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the  windows, peeking out at us from between the cracks."  When someone  watches you from a window, not only can he see you, but you can see  him.  But when he looks at you from between the cracks, you don't see  him.  

There are times when we can't see G-d in our lives, when we feel that He  has "run away".  However, we should know that He is still peeking out  from between the cracks of this world (whose very name and essence is  concealement), watching and guarding our every move.  

Sources: Rabbi Yonatan Eibeshutz in Ahavat Yonatan as heard from Rabbi C. Z.  Senter

Written and compiled by Rabbi Yaakov Asher Sinclair  (C) 2002 Ohr Somayach International - All rights reserved.

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From: RABBI RISKIN'S SHABBAT SHALOM LIST [parsha@ohrtorahstone.org.il] Sent: Thursday, May 30, 2002 7:03 AM To: Shabbat_Shalom@ohrtorahstone.org.il Subject: Shabbat Shalom: Parshiot Behaalotcha (Diaspora) and Shelach (Israel)

DIASPORA: Parshat BEHA'ALOTCHA (Numbers: 8:1-12:16)

Efrat, Israel -The Book of Numbers begins with optimistic faith in the future, picturing a newly-freed nation divided into twelve (or more correctly thirteen) tribes united around a Sanctuary of the Divine Presence poised to enter the Promised Land.  Tragically it soon degenerates into a despairing mass of cantankerous, querulous rebels who are doomed to die out in the desert.  What and why happened - and how can we prevent such a dismal denouement in the future (or better still, in our present)?

A careful study of the Biblical text in our Torah portion will provide the clue for our understanding. First of all, the Biblical segment called 'Behalotcha" contains many seemingly desperate elements, - from the kindling of the menorah lights, to the election of the Levites, to Pesach Sheni (the second chance to bring the Pascal lamb sacrifice), to the Israelites' preparation for war, to the mystery of the mito'nenim - which are strangely devoid of a connective thread.  Indeed, the very first subject of the menorah hardly seems to belong in the Book of Numbers; logic dictates that it should have been recorded in the portions of Trumah and Tetzaveh  in the Book of Exodus, in the context of the description of the Sanctuary accoutrements.   Rashi hardly provides us with a solution when he links these first verses to the offerings of the tribal princes recorded at the conclusion of last week's Torah Portion, Naso, suggesting that Aaron was disappointed in not having been included in the dedication of the princes.   G-d's comment concerning the higher calling involved in the task of preparing and kindling the menorah each morning still sounds like a poor consolation p rize for not having been chosen to participate in the grand dedication ceremony, and doesn't really explain why this lofty obligation had not been set down earlier in the Torah portions dealing with the Sanctuary.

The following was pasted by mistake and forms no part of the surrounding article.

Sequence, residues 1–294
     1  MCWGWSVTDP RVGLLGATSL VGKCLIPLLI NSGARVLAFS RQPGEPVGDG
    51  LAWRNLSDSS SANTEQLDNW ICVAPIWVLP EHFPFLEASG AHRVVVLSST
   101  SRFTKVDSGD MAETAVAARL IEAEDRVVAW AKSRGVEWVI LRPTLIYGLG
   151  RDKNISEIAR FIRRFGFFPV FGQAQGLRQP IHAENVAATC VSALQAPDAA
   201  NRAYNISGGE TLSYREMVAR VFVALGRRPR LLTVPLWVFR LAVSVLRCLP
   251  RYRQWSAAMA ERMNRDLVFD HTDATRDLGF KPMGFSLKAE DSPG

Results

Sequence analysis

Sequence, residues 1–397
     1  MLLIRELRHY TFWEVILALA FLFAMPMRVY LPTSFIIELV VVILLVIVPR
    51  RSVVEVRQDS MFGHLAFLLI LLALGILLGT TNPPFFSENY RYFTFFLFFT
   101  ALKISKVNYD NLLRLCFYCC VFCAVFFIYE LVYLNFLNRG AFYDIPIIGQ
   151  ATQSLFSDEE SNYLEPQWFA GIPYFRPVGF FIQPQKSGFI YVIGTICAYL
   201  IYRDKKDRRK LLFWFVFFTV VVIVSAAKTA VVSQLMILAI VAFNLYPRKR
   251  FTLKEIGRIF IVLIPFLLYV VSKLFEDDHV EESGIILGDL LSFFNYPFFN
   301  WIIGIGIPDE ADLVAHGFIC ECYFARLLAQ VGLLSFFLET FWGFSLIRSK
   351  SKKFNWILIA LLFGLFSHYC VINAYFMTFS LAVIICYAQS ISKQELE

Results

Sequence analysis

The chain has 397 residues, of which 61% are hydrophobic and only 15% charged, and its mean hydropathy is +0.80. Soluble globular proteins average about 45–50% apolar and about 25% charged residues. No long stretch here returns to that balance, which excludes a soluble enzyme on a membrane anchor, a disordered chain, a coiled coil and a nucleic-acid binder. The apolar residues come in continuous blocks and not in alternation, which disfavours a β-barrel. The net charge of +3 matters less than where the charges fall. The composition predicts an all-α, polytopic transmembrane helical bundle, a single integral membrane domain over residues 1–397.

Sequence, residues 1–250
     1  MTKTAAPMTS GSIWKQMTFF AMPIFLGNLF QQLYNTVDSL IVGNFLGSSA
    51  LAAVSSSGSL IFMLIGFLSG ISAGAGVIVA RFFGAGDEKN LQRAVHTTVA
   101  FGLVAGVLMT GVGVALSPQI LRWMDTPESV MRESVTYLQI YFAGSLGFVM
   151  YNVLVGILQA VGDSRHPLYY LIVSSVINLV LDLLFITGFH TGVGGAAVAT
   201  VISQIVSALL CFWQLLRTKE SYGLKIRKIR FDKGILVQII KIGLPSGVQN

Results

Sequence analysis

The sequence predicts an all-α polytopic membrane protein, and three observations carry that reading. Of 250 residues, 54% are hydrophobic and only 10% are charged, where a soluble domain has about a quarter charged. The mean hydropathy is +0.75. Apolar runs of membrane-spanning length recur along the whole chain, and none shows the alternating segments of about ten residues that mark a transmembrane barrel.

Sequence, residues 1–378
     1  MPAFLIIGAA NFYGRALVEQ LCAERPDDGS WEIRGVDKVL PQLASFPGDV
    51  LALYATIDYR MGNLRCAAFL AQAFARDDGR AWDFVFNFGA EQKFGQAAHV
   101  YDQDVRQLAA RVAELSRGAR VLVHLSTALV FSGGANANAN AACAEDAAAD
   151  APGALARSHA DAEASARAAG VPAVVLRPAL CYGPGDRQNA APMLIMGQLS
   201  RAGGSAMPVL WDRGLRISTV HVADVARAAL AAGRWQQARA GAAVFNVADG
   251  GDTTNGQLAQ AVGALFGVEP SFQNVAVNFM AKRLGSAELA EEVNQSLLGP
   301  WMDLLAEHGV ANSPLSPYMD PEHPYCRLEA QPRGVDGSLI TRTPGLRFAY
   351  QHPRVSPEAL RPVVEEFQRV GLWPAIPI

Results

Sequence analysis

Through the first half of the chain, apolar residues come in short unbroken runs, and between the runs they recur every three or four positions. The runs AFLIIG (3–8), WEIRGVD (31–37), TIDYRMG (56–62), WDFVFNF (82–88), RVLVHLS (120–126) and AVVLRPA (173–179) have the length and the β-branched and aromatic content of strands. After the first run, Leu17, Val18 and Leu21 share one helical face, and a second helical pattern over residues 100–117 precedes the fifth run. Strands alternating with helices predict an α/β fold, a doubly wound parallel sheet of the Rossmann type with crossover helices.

There are also two difficult word usages in our portion.  The first appears in the context of the "second chance" to bring the Pascal sacrifice for those who were unable to bring it on the preferred date, the fourteenth day of Nisan, because they were either "ritually impure due to contact with a corpse or in a place far away from you or your generations" (Numbers 9:10). What does it mean to be far from "your generations"? And the second difficult Hebrew word, which occurs only once in the Bible, is the rather cryptic Biblical statement that the Israelites had to suffer a plague of Divine fire because they were evil "mito'nenim" in the ears of G-d (Numbers 11:1). What does "mito'nenim" - usually translated as complainers, (the word is usually written 'mitlonenim') - really mean?

I believe that the very first issue we must attempt to understand is the symbolism of the menorah, which contains seven branches as well as flowers; the menorah is in actuality a tree which gives out light.  If we turn back to the very first Biblical story of the Garden of Eden - indeed, the very introduction to the Bible - we find that the "tree of life" remains guarded in splendid isolation until humanity perfects itself